Wednesday, March 12, 2014

SOS - Save Our (tweethis)Statement

I'm struggling, folks.

Wikimedia Commons
I've tried sharing my ideas on Facebook but the lack of mature answers made me realize that that method may be a dead end. Or that my idea is too broad. Or that I need better friends.

After reading the posts of others here, I am relieved that I am not the only one who has struggled with sharing their statement on social media. After reading Robbie's and Analee's posts in particular, I was inspired to at least try it out on here. Maybe I just need to fine-tune my ideas and make them less broad? I don't know.
Here, let me explain:

The paper I wrote earlier this semester was about the visual content in Lewis Carroll's works, and how it was an important aspect in his books. Important enough even to challenge the written word in value. I loved writing about that.

Now I'm working on research for The Princess Bride, which has little visual material to study. There's a map in the front, and the chapter headings are decorated, but I don't think that's enough to relate back to John Tenniel's masterpieces in the Alice works.

I've been playing with the idea of relating the visual importance of the illustrations in Carroll's works to the visual importance that perhaps the movie "The Princess Bride" has on reading the novel. Note - the author of the novel also wrote the screenplay of the movie.

I am drawn to this idea, and yet I feel like I am treading thin ice. I do not want to end up with a paper that belongs to a film criticism class. Does that make sense?

What do you all think? I don't want to seem like I'm begging here, but I could really use some help with this.

Ok, so maybe I'm begging.

I have no shame.



  1. I think that as long as you focus specifically on how watching the movie affects reading the novel, it will work as a literary criticism. You don't want to go too far into analyzing the movie, but maybe go more in depth comparing how the visuals influence the readers when they read the book. Same with Carroll and the illustrations in his works. I think it'll be a really interesting paper. I think you'd be joining the realm of the book vs. movie debate by bridging the gap between the two.

    1. That is a great idea! Thank you so much! I agree, I think it would make a very interesting paper.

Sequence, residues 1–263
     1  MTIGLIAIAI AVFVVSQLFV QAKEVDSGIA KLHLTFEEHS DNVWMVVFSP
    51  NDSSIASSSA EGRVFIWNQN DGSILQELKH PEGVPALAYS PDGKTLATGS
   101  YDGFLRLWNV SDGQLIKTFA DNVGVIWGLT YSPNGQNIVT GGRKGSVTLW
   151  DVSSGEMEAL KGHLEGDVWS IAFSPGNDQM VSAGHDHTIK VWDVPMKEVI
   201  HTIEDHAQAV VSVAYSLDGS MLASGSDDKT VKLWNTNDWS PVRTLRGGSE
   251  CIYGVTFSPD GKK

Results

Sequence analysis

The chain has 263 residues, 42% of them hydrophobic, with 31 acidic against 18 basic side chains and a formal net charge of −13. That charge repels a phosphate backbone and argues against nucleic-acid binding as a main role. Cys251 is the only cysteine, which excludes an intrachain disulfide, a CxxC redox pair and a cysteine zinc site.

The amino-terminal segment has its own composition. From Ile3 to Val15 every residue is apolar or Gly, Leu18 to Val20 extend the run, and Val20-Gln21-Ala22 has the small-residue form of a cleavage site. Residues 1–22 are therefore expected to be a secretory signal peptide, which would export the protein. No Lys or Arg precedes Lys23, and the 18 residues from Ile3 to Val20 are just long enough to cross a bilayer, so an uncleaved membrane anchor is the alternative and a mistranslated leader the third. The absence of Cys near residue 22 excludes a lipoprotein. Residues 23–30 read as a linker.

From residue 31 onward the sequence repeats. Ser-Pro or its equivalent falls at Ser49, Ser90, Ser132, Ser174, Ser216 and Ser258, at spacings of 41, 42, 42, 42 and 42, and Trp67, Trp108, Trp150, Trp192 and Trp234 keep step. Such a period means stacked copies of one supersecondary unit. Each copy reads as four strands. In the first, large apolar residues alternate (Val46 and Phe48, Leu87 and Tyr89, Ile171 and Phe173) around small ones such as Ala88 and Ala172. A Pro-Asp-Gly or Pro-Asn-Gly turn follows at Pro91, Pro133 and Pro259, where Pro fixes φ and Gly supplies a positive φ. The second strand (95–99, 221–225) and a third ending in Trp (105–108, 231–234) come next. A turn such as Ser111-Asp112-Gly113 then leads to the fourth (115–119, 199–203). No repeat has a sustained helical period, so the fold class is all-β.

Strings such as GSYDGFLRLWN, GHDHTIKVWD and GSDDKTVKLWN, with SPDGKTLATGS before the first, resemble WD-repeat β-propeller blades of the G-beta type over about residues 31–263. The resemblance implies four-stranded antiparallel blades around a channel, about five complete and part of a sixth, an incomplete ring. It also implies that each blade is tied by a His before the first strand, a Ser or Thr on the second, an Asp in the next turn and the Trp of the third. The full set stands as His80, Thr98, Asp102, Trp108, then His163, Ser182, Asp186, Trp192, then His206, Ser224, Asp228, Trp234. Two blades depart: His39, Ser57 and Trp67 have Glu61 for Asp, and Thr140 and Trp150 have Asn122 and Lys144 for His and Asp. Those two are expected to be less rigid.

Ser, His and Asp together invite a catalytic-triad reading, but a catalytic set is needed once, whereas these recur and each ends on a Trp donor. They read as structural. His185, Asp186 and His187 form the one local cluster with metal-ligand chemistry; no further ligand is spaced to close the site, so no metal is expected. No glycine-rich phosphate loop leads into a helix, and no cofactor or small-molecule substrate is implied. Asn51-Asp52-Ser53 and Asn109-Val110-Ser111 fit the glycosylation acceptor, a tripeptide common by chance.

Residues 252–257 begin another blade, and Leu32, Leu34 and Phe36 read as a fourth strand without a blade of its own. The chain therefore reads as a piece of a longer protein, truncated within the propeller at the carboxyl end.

2. I'm struggling with a similar problem with the film criticism. I think you could pull it off if you are very very careful to focus on literary analysis. I think the only way you could bring the film into it is if you focused on the screenplay and not the visual aspects of the movie. That's tricky though. What would your thesis look like? Would you be comparing Alice still? Or would it be a book-film comparison? I'm pretty sure that comparing the illustrations in Alice to the film Princess Bride would be a stretch. Try crafting some "real" thesis statement and things may become a little more clear for you. Good luck!

  3. The theme here seems to be about not focusing on the film so much as on how the visual stimuli affect the readers before or after they see it. Or maybe the lack of? Hmmm... maybe it totally changes interpretations. Or maybe it just makes it easier to connect words with images.

  4. Perhaps you should change the focus of "visuals" from literal visuals to figurative visuals -- by which I mean descriptions, imagery, etc. Or perhaps what are the characters' responses to sights, sounds and appearances? If you enjoyed writing about the Visual Stuff that much, why not see how the characters see it?

  5. I agree with Tori. Just talking about Alice's illustrations to Princess Bride Movie is a big jump of medium. But the fact that the Author did also do the screenplay is really cool. Maybe you could compare how he adapted it into a more visual format (the screenplay) verses how whoever did the illustrations adapted Alice? I also really like the idea of Adam's in relating the visual imagery in the book, but I haven't read the Princess Bride for years, does it contain enough of that?

    1. Excellent points. It really is a stretch, but both pieces were adapted to be more visual, so I can bank on that.